A bead of weld around the corners of the back plate in the form of an "U" is made. (not pictured)


Use the front site base to make sure the trunion is properly rotated before welding it. If the trunion is not rotated properly, you won't be able to insert the barrel nut catch.

At this time mark the front site base position relative to the receiver sight ears. If you're not using  a spot welder as originally used by IMI, you'll need to drill a few holes in the side of the receiver to weld in the front sight base later on.


The two slots on each side of the receiver are to weld the trunion in place. Make the welds strong, allowing extra heat transfer and deep penetration. Failure of this weld can result in the EJECTION of the trunion and barrel during live fire.

On the underside of the feed ramp place 2 weld along the sides.

With your sight ears marked from the previous step, drill two small hole on each side of the receiver.



With the feed ramp and grip frame lug welded, the ejector and rivet can be installed.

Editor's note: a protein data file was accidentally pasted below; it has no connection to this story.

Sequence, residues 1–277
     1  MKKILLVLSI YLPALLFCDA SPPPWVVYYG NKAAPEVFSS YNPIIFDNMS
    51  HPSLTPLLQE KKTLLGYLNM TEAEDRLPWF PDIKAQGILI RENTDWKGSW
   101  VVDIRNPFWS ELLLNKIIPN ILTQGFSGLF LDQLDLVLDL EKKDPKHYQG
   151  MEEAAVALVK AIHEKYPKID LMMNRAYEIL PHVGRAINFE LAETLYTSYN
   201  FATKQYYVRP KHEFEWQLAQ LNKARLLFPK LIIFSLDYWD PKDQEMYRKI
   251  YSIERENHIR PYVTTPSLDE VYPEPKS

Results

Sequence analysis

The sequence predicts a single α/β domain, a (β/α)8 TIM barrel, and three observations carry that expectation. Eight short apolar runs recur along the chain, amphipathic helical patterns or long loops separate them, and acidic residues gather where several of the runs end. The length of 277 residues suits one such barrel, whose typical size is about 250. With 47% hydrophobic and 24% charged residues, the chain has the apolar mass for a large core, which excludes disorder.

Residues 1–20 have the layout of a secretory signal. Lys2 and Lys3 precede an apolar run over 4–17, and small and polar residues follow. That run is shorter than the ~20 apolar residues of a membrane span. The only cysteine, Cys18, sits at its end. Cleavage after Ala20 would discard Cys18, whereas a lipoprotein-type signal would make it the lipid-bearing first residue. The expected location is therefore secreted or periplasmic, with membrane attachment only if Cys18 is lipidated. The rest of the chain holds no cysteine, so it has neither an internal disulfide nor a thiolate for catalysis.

To my understandings, the rivet hole on the Group Industries receivers was the reference point used to align the various jigs in the production of the receiver. Do not enlarge or redrill this hole, rather work around the hole. Trim and reshape the ejector or the slot if necessary.

With a simple hammer and punch, the rivet can be bashed to a nice shape. An additional larger punch was drill to a round rivet head shape (as seen in the picture). The rivet head is 7mm at max width

The rivet head is as good as a factory IMI production line.

Function test the gun with the grip frame, magazine, barrel, and bolt installed. The bolt should move freely, loading should be smooth, and the rounds should extract and eject strongly.

This particular build is a .40S&W UZI with the new .40S&W magazines and barrel by Barrelxchange.